When we were kids, making friends was easy. I remember going to a park, a birthday party, or a McDonald’s Play Place and getting excited when I saw other kids there, not because I saw someone I knew, but because it meant I would have people to spend time with. Now, as an adult, I look around and see people actively avoiding conversation, habitually choosing self check-out, using a phone as a barrier, and plugging their ears full of music as to indicate disinterest. By no means am I above any of this, and in fact I believe that I myself am as much of a culprit as anyone. It’s so easy to shut people out, to not think of the person walking toward you on the street as leading a life as interesting as your own. And why even bother? Chances are that they are just one of the millions of people on this earth that will pass you and never see you again.
To piggyback off of my previous post about flying, I want to offer another piece of advice when it comes to sitting on an airplane, or a train, or a bus, or anything for that matter. Talk to the person next to you. I’ve been told that I get very lucky with the people who happen to cross paths with me, and I’d like to share some of their stories as they have with me.
Nicolas is a business man and a father to a 14-year-old girl who he refers to as “mi vida” (my life). He is from Barcelona, but he flies every single weekend to Sevilla, Oviedo, Grenada, and any place you can imagine in Spain for business. If you want to know where to go in Spain, talk to him. His knowledge of Barcelona alone was abundant, and he took the time to pull up a map of the city, teach me where each neighborhood was, where the public transit was, and where all the best places to go were. He ended our brief interaction by giving me his contact info just in case I needed any recommendations, and by then pointing me to the Burger King. Not because I am American, as he claimed, but because I’m in college and must be broke.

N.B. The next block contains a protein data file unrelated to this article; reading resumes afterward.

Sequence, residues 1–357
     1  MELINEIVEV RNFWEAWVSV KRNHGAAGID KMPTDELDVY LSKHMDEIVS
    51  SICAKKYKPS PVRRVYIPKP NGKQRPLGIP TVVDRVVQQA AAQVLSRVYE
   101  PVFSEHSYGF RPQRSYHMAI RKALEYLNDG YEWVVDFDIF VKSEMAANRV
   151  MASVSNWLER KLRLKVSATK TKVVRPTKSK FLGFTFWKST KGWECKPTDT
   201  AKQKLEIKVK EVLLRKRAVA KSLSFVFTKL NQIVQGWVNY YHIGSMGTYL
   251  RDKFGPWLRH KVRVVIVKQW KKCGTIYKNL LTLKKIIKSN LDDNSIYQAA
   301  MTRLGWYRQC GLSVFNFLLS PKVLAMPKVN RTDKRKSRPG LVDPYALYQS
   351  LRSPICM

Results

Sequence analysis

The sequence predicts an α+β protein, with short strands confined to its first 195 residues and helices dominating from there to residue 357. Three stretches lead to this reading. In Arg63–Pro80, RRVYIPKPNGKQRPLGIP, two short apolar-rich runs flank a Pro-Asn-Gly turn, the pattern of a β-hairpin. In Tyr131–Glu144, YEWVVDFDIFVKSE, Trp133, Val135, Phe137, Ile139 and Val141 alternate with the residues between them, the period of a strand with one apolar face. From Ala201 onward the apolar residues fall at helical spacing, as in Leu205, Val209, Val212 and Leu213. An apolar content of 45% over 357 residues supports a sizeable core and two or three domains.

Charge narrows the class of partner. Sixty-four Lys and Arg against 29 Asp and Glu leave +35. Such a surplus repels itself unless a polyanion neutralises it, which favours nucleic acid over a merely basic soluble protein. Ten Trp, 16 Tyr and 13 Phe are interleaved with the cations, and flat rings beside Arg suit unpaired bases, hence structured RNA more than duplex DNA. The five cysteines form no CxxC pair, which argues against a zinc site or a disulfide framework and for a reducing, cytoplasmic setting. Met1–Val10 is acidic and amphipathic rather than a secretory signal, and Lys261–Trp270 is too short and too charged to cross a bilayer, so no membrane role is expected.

Bernard was working for the French military on nuclear reactors when he got stationed in Peru. There he met a Quechua woman (who’s name unfortunately escapes me) and he fell madly in love with her. He learned Spanish in order to communicate with her as she learned French for him. His two year deployment turned into three, and then four, until finally they got married. Now, both middle aged and tired after their recent adventure together to Patagonia and Buenos Air es, they’re returning once again to France where Bernard will work teaching high school chemistry.
Theo owns a Martin guitar, just like I do, although it’s the smaller model. He’s 26 years old and he is currently on his way to Colombia. While working in Copenhagen as an IT technician, he happened to meet this Colombian woman studying abroad. They dated for a bit, but when it was time for her to go they went their separate ways. He said he thought about her all the time, and eventually he called her up and told her he was going to Colombia to see her. He said she was so happy she cried. They spent three months in Colombia together, then six in Paris, and now he’s going back to Colombia again to be with her and try to get her a visa to come live in Paris with him. Ironically, I am the second person he knows from Bethlehem, Pennsylvania. And even more ironic is that when I was in France with my friend from high school, we visited Theo’s hometown of Annecy. At the end of the flight, I shook his hand and wished him luck with his life.
Every day, millions of people with interesting stories to tell cross our paths without us ever knowing. And no, not everyone is going to stay in your life forever, but that doesn’t mean that we shouldn’t appreciate the little moments as they come. As kids, we all knew this. We were all perfectly happy with making friends for the day that we would never see again, and probably never even remember. And I can’t say that I’m going to even remember these people now, or that they’re even going to remember me. But what I can say is that it’s amazing what you learn about the people around you when you lose your headphones, you don’t have WiFi, and you decide, out of boredom, to just say hi. I do think I get lucky with the people who cross my path every day, but I also believe that we make our own luck.